If you’d like to learn more about A/B testing this month, subscribe to both our blog and monthly email newsletter. 



A Few Reasons That Didn’t Work

You know that thing you did… the one that didn’t work?

No, I don’t know about it exactly. I just know I have a few things I’ve done that didn’t work and assumed you had at least one too.

So why didn’t your last commercial/coupon/event/blog post/insert-thing-here work?

You took the ‘doing homework’ shortcut by surveying your friends and not your customers.

Whatever you do, don’t ask your friends what they think of your idea. Because they will say your new haircut is awesome, right?

Your website, much like my asymmetrical haircut may have been cool... back in the 90s.

Me in the 1990s. You’re welcome.

Your friends will lie to your face because they love you. Before you pour a lot of time and money into something, you need some unbiased, ideally stranger, opinions. It’ll probably be more involved (re: expensive) than asking your friends over pizza but it’s better than the money you lose chasing a bad idea, right?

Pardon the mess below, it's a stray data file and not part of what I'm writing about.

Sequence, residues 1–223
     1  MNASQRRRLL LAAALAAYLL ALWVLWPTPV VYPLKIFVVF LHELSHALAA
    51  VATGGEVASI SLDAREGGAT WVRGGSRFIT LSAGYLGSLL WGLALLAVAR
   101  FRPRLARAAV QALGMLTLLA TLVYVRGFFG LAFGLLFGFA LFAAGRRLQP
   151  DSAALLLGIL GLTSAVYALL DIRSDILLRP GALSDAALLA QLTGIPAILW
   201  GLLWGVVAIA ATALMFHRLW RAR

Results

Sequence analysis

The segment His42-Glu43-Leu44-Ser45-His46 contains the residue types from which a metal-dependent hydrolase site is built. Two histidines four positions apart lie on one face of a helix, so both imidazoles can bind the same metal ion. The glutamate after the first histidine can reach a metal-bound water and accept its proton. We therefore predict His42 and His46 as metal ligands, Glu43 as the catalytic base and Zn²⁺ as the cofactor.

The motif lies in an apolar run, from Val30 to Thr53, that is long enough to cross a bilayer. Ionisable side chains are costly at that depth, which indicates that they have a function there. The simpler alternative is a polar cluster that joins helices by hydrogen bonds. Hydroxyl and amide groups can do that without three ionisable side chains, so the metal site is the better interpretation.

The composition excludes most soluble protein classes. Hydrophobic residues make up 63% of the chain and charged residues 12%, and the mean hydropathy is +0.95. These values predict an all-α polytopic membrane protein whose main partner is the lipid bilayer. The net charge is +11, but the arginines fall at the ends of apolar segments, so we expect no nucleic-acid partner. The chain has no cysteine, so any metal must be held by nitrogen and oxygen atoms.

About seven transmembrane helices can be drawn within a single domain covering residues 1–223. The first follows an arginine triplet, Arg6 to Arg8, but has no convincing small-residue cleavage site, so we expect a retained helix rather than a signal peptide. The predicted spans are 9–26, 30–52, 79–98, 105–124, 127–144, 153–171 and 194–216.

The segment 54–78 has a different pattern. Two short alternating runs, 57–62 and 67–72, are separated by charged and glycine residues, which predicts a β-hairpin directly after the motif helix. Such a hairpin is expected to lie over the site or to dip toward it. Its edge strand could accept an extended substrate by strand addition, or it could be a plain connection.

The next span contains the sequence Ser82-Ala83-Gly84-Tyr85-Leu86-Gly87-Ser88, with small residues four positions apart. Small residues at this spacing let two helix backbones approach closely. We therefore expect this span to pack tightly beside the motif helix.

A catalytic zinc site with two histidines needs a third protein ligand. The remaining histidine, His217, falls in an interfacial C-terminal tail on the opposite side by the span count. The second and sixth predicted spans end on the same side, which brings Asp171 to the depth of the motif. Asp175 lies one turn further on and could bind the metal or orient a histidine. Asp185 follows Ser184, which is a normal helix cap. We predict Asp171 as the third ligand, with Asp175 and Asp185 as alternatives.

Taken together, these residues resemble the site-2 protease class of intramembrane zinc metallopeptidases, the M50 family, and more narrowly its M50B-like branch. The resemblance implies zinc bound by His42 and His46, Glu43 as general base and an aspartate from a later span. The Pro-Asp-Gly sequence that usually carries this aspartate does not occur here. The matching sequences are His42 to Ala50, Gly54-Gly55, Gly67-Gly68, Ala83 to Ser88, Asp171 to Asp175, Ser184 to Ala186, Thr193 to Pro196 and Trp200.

(A great way to get some feedback if you are shy is to use paid ads like Facebook or Google to test messages. This is part of what paid ads are for!)

You already tried it before and it didn’t work that time either.

Sometimes we really really want something to work. But it doesn’t.

So think “Is this like that time I…?” And if it is, and if that time things didn’t go so well, there better be a lot more about it that is different than what it has in common with your last mediocre (or terrible) initiative.

You can tell people to pivot over and over... but that couch still won't get up the stairs.

You can tell people to pivot over and over… but that couch still won’t get up the stairs.

You didn’t tell enough people about it.

Let’s say you think email is amazing. Well, your customers are tweeting, Facebooking, pinning, tumbling, blogging, and doing all kinds of other technological and non-technological ‘ings’ to get their information. So the more ways you get the word out and the bigger your audience, the better this is going to go.

noonecametoyourparty-grumpycat

You picked a bad time.